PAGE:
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Bordered by Yosemite National Park to the south and Toiyabe National Forest to the east, Emigrant Wilderness is a prime destination for solitude-seeking Bay Area backpackers. Its alpine lakes are warm enough to swim in during summer months, and they’re also great fishing spots. Chewing Gum Lake is no exception.
Start by climbing to Burst Rock along a small section of the West Walker Route that shuttled emigrant gold miners to and from California during the 1850s. At the lookout, the glory of Stanislaus Valley unfolds before your eyes: the South Fork Stanislaus River, Castle Rock, and the Three Chimneys. Notice the rare flora lining the trail.
After descending into the valley, follow the main trail about a mile before reaching a T-junction. The subalpine waters of Powell Lake are a short distance to your left—a rapturous side trip for fishermen and brave swimmers.
Continue on the main trail for almost two more miles and revel at the wildflowers that spread across Lake Valley’s lush meadows. At mile 4, turn right onto Chewing Gum Lake Trail. Only a short hike brings you to the granite-rimmed lake, which has campsites on either shore.
Mapped by David Miller, Bay Area Outdoors
- Distance: 7.6
Location: 38.1983109, -119.8842621
Gianelli Cabin Trailhead (8,560 feet). Climb the unnamed, well-maintained dirt trail toward Burst Rock, gaining 600 feet over about a mile and a half. The Forest Service does not give the trail an official name, but users typically call it “Burst Rock Trail.” It usually opens in late June or early July, depending on how quickly the snow melts.
This route also includes a small part of the historic West Walker route through the Sierras, which miners and settlers took during the Gold Rush.
Location: 38.2013435, -119.8729858
Turn left onto the spur trail after 1.3 miles. Walk about 100 yards north over a sandy plateau towards Burst Rock. Once you reach the top of the plateau, the terrain levels out. You can then easily walk to the lookout point at Burst Rock. To continue back to the main trail, pick up the trail to the right (east) and begin a brief descent. Look for wildflowers all along the trail.
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Burst Rock lets you view Stanislaus River Basin’s South Fork, Cooper Meadow, and the Three Chimneys. On a clear day, you also can see the peaks of Yosemite. Marmots skitter (and in some cases, lumber) around the granite.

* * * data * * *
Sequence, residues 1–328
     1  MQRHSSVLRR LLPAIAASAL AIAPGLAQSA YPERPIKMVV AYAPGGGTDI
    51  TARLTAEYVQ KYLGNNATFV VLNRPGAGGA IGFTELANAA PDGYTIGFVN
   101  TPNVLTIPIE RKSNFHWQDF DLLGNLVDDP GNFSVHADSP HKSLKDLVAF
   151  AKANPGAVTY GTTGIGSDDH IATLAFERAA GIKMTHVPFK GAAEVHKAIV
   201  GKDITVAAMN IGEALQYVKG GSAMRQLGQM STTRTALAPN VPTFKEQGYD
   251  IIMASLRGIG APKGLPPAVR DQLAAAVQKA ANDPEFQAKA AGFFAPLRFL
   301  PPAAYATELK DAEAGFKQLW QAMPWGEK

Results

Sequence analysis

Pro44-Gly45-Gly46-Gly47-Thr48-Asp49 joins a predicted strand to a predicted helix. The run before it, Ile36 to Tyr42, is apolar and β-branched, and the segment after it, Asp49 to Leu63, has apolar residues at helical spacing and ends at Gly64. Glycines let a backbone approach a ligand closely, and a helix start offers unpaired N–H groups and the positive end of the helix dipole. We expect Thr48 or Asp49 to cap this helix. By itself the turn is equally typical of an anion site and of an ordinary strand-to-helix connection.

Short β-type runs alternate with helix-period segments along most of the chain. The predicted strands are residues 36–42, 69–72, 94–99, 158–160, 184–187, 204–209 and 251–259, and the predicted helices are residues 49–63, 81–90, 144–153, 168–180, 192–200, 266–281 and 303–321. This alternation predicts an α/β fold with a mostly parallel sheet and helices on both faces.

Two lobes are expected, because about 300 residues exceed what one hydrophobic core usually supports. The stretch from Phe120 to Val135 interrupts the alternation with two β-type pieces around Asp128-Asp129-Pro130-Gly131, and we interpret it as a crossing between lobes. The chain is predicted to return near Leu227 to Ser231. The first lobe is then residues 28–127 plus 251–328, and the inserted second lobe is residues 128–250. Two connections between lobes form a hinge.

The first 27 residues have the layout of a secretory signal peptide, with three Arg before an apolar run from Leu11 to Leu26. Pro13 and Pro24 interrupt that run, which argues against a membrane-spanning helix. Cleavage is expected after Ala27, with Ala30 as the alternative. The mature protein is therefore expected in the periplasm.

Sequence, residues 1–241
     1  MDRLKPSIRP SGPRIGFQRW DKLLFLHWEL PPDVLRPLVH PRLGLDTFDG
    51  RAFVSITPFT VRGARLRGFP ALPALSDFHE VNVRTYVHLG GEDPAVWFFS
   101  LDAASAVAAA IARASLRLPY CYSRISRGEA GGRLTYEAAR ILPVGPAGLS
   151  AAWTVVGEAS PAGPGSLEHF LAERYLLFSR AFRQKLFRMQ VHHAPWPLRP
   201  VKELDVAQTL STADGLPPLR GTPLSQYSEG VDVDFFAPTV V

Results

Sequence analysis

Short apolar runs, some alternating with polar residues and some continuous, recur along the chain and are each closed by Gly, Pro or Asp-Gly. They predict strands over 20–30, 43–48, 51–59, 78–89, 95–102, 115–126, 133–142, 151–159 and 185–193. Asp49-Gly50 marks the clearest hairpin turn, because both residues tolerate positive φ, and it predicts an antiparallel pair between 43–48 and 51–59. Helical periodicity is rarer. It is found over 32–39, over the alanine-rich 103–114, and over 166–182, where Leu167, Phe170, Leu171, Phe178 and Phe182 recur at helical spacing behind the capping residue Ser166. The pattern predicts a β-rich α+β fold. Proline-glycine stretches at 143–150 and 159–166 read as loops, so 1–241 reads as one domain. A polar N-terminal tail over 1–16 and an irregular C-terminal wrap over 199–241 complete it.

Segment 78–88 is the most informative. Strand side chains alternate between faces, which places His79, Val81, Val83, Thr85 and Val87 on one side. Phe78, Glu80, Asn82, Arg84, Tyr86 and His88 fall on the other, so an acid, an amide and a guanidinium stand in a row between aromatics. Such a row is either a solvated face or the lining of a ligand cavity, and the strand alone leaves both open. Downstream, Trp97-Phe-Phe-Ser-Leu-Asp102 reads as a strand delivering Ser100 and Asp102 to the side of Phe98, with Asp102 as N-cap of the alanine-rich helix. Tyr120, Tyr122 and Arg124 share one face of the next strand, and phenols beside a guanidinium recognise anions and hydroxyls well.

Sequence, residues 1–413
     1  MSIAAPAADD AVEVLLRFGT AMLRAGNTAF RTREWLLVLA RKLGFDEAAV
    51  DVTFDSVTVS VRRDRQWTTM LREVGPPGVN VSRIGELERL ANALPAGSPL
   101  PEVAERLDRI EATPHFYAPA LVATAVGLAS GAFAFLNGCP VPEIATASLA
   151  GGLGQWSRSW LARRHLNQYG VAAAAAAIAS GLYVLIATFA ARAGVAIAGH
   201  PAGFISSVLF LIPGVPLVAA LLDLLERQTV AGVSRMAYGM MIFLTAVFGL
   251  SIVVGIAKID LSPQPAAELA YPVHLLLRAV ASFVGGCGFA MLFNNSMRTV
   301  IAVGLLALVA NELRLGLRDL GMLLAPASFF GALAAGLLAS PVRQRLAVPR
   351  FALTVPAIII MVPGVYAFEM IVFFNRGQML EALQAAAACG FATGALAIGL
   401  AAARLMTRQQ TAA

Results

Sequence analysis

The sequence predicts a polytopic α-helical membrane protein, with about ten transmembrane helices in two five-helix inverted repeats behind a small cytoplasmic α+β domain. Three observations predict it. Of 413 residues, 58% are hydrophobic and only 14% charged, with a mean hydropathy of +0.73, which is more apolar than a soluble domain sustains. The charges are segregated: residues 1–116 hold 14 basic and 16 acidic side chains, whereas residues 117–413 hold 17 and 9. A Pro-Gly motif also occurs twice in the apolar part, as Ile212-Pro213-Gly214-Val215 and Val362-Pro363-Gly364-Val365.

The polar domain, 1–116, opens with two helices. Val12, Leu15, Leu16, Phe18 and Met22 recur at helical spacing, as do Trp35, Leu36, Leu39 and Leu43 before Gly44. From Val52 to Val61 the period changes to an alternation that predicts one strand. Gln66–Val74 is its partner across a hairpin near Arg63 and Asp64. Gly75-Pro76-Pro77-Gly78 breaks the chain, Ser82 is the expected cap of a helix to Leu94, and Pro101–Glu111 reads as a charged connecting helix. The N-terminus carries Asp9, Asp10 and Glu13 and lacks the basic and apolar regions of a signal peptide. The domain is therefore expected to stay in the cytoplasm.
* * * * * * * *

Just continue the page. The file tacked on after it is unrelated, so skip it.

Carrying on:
This lookout was originally named “Birth” Rock because a member of a West Walker Route wagon train gave birth here. Bear right to merge back onto the spur trail, then descend the rugged granite steps into the valley below.
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Continue straight @ T-junction (about 2 and a half miles in) and stay on the unnamed main trail. Powell Lake Trail shoots off to the left here, offering a short side trip to lunch, fishing, or swimming. This is one of the most popular campsites in Emigrant Powell Lake because of its short camp-out distance. If you are just looking to catch a glimpse of the water, walk down 15 to 20 feet along Powell Lake Trail and turn back to the main trail.
Location: 38.2027626, -119.8446884
Turn right on Chewing Gum Lake Trail (mile 4). Follow the sign to a narrow, dirt single track, which cuts through a lush meadow towards Chewing Gum Lake. The trail is muddy and wet in the summer. Small wildflowers dot the meadow along the trail.
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Chewing Gum Lake. Arrive at your destination after 0.7 miles. Unofficial campsites can be found around the lake. The southern and eastern shores are best because they provide level ground. You can camp on the western shore as well, but you’ll need to pitch your tent or lay the sleeping bag out on a dirt patch between granite boulders. Chewing Gum Lake is surprisingly warm for an alpine lake, so swimming and fishing opportunities abound.
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Burned out Ponderosa
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Castle Rock & The Three Chimneys in the background
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Castle Rock & Chimneys
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Wildflowers along Powell Lake
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Powell Lake Panoramic
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Lake Valley Overlook
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Lake Valley Meadow and Chewing Gum Lake
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Mule Ears and Paintbrush
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Chewing Gum Lake Trailhead
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This way! The rare trail marker points the way to Chewing Gum Lake.
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Narrow trail winds its way through the Lake Valley meadow towards Chewing Gum Lake.
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Wildflowers dot the meadow in Lake Valley
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Chewing Gum in the Morning Light
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Contrails reflecting in Chewing Gum lake
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Granite boulders on the granite South bank of Chewing Gum Lake
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